APPRENTICE star and vice-chairperson of West Ham FC Karren Brady answers all your careers questions.
Today she helps out a woman who has no luck in her quest to find a job after being furloughed and an employee who has been negatively labelled after running late to work too often.
Q) I’m 53 years old and was furloughed from my receptionist/admin job in July, and have since been made redundant. I’ve applied for over 500 jobs and had 12 interviews, with no luck.
I’m professional and confident, with lots of skills, and have had feedback from agencies and employers saying I come across well, but someone else always has that bit more experience.
I feel deflated and am beginning to lose my confidence, especially as I’m now on benefits. I really want to get back in an office, but I worry that the longer I’m out of work, the less employers will be interested. What should be my next steps?
Natalie, via email
A) I appreciate it is a very difficult time to be looking for a job.
Try asking for more detailed feedback from the agencies and employers as to what experience your competition have that you don’t.
If it’s with specific software, look for free courses online to improve your knowledge in these areas.
Or it may be that you aren’t communicating the experience that you do have clearly enough in interviews (after all, at this point, they have reviewed your CV and decided you potentially could do the job) – so practise your interview technique with friends, who can check you’re accurately describing your skills.
Have you considered including temporary work in your search? This will give you the chance to prove yourself to both an agency and the companies you’re working for.
Often when a company finds a reliable and efficient temp and a permanent role becomes available, you already have a foot in the door.
Make sure you are visible on LinkedIn, follow companies you are interested in, and link with their HR and talent teams.
Don’t be afraid to send direct messages, but make sure they are personalised, not generic. And ask former managers, peers and colleagues to endorse you. Best of luck – and don’t give up!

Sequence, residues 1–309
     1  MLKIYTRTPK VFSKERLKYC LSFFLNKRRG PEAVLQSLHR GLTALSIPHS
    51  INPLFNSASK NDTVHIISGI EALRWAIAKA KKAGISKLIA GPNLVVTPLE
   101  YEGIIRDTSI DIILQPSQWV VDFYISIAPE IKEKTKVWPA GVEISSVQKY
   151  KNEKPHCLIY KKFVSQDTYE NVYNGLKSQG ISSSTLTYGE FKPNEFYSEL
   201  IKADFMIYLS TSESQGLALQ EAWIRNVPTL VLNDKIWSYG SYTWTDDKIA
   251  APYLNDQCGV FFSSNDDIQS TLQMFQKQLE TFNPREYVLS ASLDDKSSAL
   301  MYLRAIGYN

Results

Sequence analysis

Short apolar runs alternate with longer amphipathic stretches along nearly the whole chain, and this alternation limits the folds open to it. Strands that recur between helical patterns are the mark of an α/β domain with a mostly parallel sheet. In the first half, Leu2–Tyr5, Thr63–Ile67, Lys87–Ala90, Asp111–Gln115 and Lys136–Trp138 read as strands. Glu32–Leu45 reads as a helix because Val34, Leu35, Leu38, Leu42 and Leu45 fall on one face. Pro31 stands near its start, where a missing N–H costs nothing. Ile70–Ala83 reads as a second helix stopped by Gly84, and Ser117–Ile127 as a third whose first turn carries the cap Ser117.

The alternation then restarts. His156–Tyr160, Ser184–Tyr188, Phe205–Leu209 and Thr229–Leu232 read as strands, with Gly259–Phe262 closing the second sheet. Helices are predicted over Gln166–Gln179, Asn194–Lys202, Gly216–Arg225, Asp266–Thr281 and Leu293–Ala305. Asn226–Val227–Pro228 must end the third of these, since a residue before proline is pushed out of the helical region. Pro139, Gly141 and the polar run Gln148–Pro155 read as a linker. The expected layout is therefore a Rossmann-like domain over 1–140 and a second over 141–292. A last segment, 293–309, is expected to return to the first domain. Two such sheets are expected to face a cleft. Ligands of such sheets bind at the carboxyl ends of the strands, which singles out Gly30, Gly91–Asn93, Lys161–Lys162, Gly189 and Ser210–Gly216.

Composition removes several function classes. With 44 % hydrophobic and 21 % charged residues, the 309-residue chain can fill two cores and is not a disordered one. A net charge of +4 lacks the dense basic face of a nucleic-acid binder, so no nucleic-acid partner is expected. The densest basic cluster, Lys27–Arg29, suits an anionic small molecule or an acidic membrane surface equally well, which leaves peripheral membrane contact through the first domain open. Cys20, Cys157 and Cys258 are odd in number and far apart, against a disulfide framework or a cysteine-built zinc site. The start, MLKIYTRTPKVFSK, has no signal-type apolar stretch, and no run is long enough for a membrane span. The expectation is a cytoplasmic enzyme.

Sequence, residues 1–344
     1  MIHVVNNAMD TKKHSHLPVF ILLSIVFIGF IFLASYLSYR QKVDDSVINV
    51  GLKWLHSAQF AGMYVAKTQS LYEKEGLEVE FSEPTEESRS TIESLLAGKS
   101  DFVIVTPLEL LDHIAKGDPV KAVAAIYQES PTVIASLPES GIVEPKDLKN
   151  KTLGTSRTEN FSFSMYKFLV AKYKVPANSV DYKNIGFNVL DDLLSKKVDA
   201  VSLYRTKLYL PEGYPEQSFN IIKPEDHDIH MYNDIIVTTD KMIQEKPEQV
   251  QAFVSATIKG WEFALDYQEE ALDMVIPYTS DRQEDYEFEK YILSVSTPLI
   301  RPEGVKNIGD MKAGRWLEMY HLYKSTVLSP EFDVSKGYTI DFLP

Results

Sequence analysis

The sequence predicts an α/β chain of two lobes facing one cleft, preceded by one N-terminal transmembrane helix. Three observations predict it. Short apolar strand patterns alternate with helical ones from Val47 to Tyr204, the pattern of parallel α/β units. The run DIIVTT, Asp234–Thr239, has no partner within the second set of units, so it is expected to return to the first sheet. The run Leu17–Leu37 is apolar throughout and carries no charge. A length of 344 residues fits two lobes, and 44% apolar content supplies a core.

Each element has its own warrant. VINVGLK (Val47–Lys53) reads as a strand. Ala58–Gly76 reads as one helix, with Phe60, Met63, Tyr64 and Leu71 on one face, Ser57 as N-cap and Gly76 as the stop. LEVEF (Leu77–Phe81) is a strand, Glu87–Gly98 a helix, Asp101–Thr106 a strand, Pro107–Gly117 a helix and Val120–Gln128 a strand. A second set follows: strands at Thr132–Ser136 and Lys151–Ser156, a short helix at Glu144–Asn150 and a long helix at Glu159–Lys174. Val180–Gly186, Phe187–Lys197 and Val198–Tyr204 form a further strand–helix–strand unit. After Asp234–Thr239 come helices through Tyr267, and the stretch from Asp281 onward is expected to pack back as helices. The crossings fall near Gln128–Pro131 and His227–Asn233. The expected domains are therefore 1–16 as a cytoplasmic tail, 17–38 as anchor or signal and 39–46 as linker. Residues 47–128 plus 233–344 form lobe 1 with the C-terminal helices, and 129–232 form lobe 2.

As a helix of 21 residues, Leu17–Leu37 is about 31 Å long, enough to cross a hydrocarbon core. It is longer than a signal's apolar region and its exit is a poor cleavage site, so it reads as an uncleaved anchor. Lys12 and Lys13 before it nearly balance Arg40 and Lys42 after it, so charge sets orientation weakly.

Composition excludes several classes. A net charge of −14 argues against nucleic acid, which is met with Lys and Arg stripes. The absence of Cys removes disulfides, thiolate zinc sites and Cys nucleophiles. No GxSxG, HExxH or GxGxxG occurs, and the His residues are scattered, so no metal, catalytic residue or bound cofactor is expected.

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Q) When my team went back into the office briefly last year, I was late a few times as my buses weren’t running as frequently as normal. My manager spoke to me and said I needed to make sure I was on time moving forward.
We have been WFH for the past six months and I’ve worked extra hours to make sure we hit our deadlines, but my manager still makes jokes to the team about my timekeeping.
It’s really getting me down – and now it feels like a label she has put on me that isn’t reflective of how hard I work. What do you think I should do?
Laurie, via email
A) Timekeeping and reliability are important in any role, and it seems you have learned how much your manager values them, too.
Now, six months on, having addressed it with you, your manager should stop bringing it up, especially in front of the team.
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Have a private conversation with your manager and explain that you were very sorry for being late, and that as far as you’re concerned, the matter is now in the past, but bringing it up in front of the team – even in a light-hearted manner – undermines all the hard work that you do and makes you feel embarrassed and uncomfortable.
Remind her of all the successes you have had in your role and your contribution in order to meet deadlines, and say that if she still has concerns, you would prefer that she speaks to you privately.
Compiled by: Claire Frost